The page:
Now the little boy’s parents, Simon and Heidy Koch, left with the unbearable sorrow. And with frustration. Particularly one question sounds again and again: Could Karl mon even be alive if it had been discovered in time, what he failed?

the Smile disappeared suddenly from their son’s face on Saturday the 19. October of last year.

instead it was replaced with a scream of pain, because he got hurt in the stomach, and he could neither eat or drink.

The evening called Karl’s parents, therefore, to 1813, which said that they could run into past lægevagten at Hillerød Hospital. After waiting to be attended to, and after a nurse had made a visitation of the little boy, looked up a doctor to him.

And it is here that Simon and Heidy believe that something could be handled differently.

although Karl’s stomach, according to them was hard, and though he could not either eat or drink, then sounded the doctor’s advice after the investigation, allegedly, that he should drink some water and take a few panodiler.

“the Doctor said that we could take home and give him some panodiler and some water there, for it was the same they would do at the hospital. But we were told that we could be there overnight,” explains Simon.

“But when it was in the order, we were presented it, we thought, that we would prefer to home, because Karl was not happy to be there. And if it is not required other than panodiler and water, so it was probably fine enough. We did not get the impression that it could be something serious,” he adds.

Simon and Heidy took Charles home with him, and hoped he would get better. But he did not.

In the course of the night to Sunday, and Sunday morning got Karl, it got worse. And worse.

He had hurt, threw up and could not find rest or sleep.

the Parents are phoned directly to the department at the hospital on a number, which they had received, but to begin with they got the same advice. That his son could try to drink some water.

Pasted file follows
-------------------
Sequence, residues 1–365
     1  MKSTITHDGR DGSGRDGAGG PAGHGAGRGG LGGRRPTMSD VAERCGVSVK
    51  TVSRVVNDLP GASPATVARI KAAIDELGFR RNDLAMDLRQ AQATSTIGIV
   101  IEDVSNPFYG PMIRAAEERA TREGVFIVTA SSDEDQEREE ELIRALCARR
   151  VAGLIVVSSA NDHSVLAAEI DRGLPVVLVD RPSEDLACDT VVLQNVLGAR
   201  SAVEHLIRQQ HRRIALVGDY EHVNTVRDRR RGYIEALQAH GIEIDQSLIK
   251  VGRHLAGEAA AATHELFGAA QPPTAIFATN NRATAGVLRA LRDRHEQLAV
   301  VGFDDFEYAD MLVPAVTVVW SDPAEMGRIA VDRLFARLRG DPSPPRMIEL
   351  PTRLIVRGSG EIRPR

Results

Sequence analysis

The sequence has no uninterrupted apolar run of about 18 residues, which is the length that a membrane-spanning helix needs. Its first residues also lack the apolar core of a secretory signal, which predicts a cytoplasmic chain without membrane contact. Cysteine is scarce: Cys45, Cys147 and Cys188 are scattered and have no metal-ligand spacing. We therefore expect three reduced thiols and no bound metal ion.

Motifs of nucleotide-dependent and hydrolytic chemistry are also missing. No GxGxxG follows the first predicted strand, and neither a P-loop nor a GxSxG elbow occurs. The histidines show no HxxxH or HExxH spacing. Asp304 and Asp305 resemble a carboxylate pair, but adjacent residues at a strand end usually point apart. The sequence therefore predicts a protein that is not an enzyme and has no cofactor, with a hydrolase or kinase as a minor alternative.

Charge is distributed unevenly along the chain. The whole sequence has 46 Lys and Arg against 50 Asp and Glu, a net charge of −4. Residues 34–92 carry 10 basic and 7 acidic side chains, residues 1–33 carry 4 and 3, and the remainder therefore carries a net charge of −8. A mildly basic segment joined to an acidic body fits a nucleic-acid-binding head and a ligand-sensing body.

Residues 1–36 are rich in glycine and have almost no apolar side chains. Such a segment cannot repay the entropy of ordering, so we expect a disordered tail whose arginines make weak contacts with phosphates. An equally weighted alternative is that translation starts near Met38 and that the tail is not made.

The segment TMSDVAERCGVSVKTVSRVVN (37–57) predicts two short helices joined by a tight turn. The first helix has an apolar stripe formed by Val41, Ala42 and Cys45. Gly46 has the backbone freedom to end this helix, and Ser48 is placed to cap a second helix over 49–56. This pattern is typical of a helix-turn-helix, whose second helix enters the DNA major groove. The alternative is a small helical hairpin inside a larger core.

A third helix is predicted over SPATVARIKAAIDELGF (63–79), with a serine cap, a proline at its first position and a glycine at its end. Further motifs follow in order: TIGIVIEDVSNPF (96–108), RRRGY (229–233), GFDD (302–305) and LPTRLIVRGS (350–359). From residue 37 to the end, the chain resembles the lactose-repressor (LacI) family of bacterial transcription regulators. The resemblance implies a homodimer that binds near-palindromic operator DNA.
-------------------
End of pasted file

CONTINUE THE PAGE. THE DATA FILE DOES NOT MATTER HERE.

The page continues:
As Karl continued it got worse, rang Simon and Heidy again to the department, after which they were told that they could come in with him.

the Family took the Sunday dinner the way from home in Guatemala to the hospital in Hillerød, but quite shortly before they arrived, was Karl’s condition worse.

“I took him up in my arms, and just as soon, he lay there, he looked around, looked at me, and then… he was lifeless,” Simon tells us and continues:

“He looked after me, and then it was as if his body gave up. I’m thinking that he gave up because he felt secure. But it is a little consolation.”

the Doctors at Hillerød Hospital struggled to revive Karl and gave him the over the following hours hjertelungeredning, while they tried to find out what was wrong.

Subsequent – according to their parents about four hours later, he was hurriedly driven to the university hospital.

That continued doctors the treatment and tried to save his young life, but on Monday the 21. October, it was clear that the pressure in his brain had been too violently. There was no more anyone could do.

Karl awoke not up again.

At last he could his body not withstand more. The machines he was connected to, was turned off on Tuesdays, and Karl slipped into death.

“It was and is unreal. It is difficult to describe, for it is like losing herself. One’s children for the same a and everything,” explains Simon.